The provisions of the regulation on unfair competition (Article 5) are based on the principle traditionally applied in this area, namely that the applicable law shall be that of the country in which competition is directly and substantially affected. This rule entails equal treatment of domestic and foreign competitors in relation to the rules which they are required to observe. The same subject is, however, dealt with differently in Article 4(1) of the draft Directive on unfair business practices (14), with reference being made to the Member State of establishment principle. Although the explanatory memoranda to these two legal instruments do not address this difference, the disparity in the application of general principles of Community and internal market law can be resolved as follows: Article 5 of the regulation refers to external Community law relating to non-Member States (or in areas not covered by the directive), whereas Article 4(1) of the directive deals with relations between Member States in the internal market. If this is in fact the intention, the Commission would do well to make it clear in the explanatory memoranda to the two legal instruments. However, this still leaves an unacceptable situation whereby the same rules apply to EU and non-EU competitors within a given Member State, whereas different rules may apply if the competitors in question are from different EU Member States (this is, however, a question of the degree of harmonisation of substantive competition law brought about by the directive).

The restriction on the general provision of Article 5(1) is intended to deal with a case which in practice is likely to occur only rarely, namely where an act of unfair competition exclusively affects the interests of a specific competitor. This justifies application of the general rules on torts and delicts. The Committee suggests that consideration be given to changing the title of this provision to ‘Competition and unfair trade practices’, to make it clearer that the regulation is intended to cover all infringements of competition comprehensively.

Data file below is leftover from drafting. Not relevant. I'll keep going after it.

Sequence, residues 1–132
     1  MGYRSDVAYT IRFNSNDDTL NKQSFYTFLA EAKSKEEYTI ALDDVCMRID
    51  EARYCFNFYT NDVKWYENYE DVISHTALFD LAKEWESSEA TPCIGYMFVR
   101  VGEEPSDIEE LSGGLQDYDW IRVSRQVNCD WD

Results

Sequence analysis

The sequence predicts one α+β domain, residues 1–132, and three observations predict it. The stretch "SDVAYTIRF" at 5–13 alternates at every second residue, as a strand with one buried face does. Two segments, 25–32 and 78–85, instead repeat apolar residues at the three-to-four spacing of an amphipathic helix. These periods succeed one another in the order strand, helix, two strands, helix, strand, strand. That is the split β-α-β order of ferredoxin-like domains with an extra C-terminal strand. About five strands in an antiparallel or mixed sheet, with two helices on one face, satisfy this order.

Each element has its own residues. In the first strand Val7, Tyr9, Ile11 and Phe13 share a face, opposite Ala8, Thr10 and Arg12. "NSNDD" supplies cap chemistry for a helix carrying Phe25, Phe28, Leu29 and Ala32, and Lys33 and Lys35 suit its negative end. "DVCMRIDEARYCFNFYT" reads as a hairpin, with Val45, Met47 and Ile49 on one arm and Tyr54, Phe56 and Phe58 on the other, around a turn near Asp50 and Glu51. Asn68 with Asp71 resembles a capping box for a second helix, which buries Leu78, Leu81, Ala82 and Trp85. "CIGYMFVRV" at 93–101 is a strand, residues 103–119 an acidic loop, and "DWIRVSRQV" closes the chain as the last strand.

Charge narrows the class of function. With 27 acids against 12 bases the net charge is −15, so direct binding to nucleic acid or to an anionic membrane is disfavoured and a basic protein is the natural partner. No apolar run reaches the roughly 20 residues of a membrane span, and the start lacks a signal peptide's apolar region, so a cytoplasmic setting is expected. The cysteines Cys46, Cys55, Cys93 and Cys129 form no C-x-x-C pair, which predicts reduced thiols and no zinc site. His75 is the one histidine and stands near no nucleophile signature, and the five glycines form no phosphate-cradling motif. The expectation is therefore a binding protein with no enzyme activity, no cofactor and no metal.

5.4

It might at first sight appear surprising to find rules on violations of privacy and rights relating to the personality (Article 6) in a legal instrument dealing with conflict of laws regarding non-contractual obligations, as in many systems of law these issues fall within the ambit of law relating to the person. Recently, however, a different approach has gained ground in many Member States, with this issue being brought into the ambit of torts and delicts. In this sense, it is reasonable to deal with it here. Moreover, there is an undeniable link with the issues dealt with in Articles 5 and 8. The rule laid down in Article 6(1) is worthy of support. The same is true of the rule on the right to reply in Article 6(2). The Committee wonders whether the exception in favour of the lex fori might not in certain circumstances be rendered superfluous by Article 22.

5.5

With regard to violation of the environment (Article 7), the basic rule is consistent with the reference to the tort and delict provisions of Article 3, although the person sustaining damage has the option to base his claim on the law of the country in which the event giving rise to the damage occurred (which may be more favourable for him). Clearly, by providing an exception to the general rule which, disguised as a conflict of laws provision, allows the injured party the choice of applicable law, the Commission is pursuing objectives which actually have nothing to do with conflict of laws, but which are rather intended to encourage potential environmental polluters to take environmental protection very seriously by threatening them with the application of a more stringent system of substantive law. This is also made clear in the explanatory memorandum to Article 7.

5.6

The principle applicable to protection of intellectual property rights (Article 8), that the applicable law shall be that of the country for which protection is sought, is already generally accepted in this area. The consequent equal treatment of EU and foreign citizens in a given jurisdiction is welcome. A situation where a foreign citizen's intellectual property received either greater or lesser protection than those of an EU citizen would be difficult to justify. Article 8(2) is therefore merely stating the obvious.

6.   Rules applicable to non-contractual obligations arising out of an act other than a tort or delict

6.1

Although the law on torts and delicts, dealt with in Chapter II, Section 1 of the regulation, forms the core of non-contractual obligations, rules dealing with unjust enrichment and actions performed without due authority are nonetheless also needed. Other non-contractual obligations, varying in number and scope, are recognised in the Member States, which could be regulated by a general clause, as the Commission rightly does in Article 9(1).

6.2